Can insight from a Global Women’s Health Index inform action to help break the bias?
Gender has a significant impact on health.
Women comprise nearly half of the global population and carry considerable influence and impact when it comes to the wellbeing of their families, communities, and the economy. Yet the health and wellbeing of women and girls is of particular concern because sadly they are disadvantaged by discrimination deeply rooted in sociocultural factors in many economies.
There are many factors where the existence of bias prevents women and girls from benefiting from quality health services and attaining the best possible level of health, including:
- unequal power relationships between women and men
- reduced education and paid employment opportunities
- predominant focus on women’s reproductive roles only
- physical, sexual and emotional violence
Poverty itself remains a significant barrier to women's positive health and further impacts women's ability to support their families.
The World Health Organization states that:
- pregnant women are 40% are anaemic
- approximately 810 women die every day from preventable causes related to pregnancy and childbirth
- 295,000 women who died of maternal causes in 2017
- 311,000 women died from cervical cancer in 2018 with more than 85% of these deaths occurring in low and middle income countries
Better health and equal opportunities for women
The 2021 Global Health 50/50 report Gender Equality: Flying blind in a time of crisis reviews the equality and gender-related policies and practices of global organizations active in health and health policy. The report finds that action to dismantle gender inequality inside organizations and to apply a gender lens in health programmes remains scarce. "Gender inequality is not inevitable; it is made by people and reinforced in systems and organisations, including global health. And it can be unmade within those same systems," states the report.
In a male-default world, the report finds that gender as a driver of everyone's health, including that of men and boys, remains under-addressed. The result is gender-blind responses that are less effective than they should be, with consequences for the health of women everywhere.
Flying Blind reports on the appointment of mostly male global health leaders, predominantly from high-income countries, with the mandate to exert influence over the health and wellbeing of people worldwide. Data reveals little progress towards gender equality and diversity in leadership across the health sector and a lack of progress on closing the gender pay gap among organizations mandated to report on it.
"The Global Health 50/50 report is a unique and essential accountability mechanism in this challenging time...I encourage leaders of all global organisations active in health to use the GH5050 report and take bold, appropriate and long overdue steps with evidence-based decisions."
Kumsal Bayazit, CEO, Elsevier
A global index measuring women’s health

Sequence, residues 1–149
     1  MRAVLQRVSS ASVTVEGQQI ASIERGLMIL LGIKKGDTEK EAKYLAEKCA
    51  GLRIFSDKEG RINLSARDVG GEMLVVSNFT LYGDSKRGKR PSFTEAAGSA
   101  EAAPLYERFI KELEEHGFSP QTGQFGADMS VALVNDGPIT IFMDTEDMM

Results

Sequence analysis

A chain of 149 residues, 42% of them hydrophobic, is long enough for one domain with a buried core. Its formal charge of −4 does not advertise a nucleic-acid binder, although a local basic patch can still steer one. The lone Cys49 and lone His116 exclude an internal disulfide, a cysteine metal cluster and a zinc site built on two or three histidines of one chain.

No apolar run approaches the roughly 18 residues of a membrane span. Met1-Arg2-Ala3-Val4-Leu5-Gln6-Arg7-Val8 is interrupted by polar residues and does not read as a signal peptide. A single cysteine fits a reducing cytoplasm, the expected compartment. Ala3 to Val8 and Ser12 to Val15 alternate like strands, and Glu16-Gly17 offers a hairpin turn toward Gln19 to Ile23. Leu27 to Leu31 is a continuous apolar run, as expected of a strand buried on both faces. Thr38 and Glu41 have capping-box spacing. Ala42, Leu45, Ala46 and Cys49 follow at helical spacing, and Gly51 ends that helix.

Women's health product provider Hologic has been looking into the state of health for women and girls worldwide.
Hologic gave themselves an audacious goal: To lead the way for better health and well-being for 3.9 billion women, while rallying the world to join them. To support this goal, Hologic created the world’s first Global Women’s Health Index.
The goal of the Hologic Global Women’s Health Index is to contribute to extending the life expectancy of women around the world and improving their quality of life.
Interviews were conducted throughout 2020 with just over 120,000 men and women aged 15 and older in 116 countries and territories. With almost 4 billion women on the planet, the Index provides a small glimpse into the health of some of those women.
"With purpose, passion, and a promise to enable healthier lives everywhere, every day, we'll not only help nearly half the planet, but all of it," says Hologic as it promises is to bring better care and treatment to billions of women worldwide.
Opportunity exists to improve women's health
Hologic believes the opportunities to improve women's health are staggering and is calling on world leaders, change-makers, and society as a whole to take notice of the situation and act quickly to improve women’s health everywhere. Being better educated and aware about the state of women's health worldwide can help break down the bias that prevails.
"By focusing on women’s health and working together to address key issues, we can not only improve women’s lives, we can also realize social and economic progress globally...The Hologic Global Women’s Health Index...is a multiyear, comprehensive global survey about women’s health. Through it, we can listen to women and men in their own words, and track progress on key women’s health issues globally and by country...Through this report, women are telling us what they need. We all need to listen. Then act, together."
Stephen P. MacMillan, Hologic Chairman, President & Chief Executive Officer
Women's health rankings by country and territory
Hologic ranks countries and territories as based on a combined and weighted score (0-100) of five dimensions linked to higher female life expectancy:
- preventive care
- basic needs
- opinions of health & safety
- individual health
- emotional health
The Hologic Women's Health Index ranks countries with a score out of 100. In 2020, the global average was just 54 with the highest score (69 out of 100) going to Taiwan and the lowest to Peru (36).
Together, policy makers, government, charities and industry can work collectively to help women lead longer, healthier lives.
Together we can break the bias
Download the full report.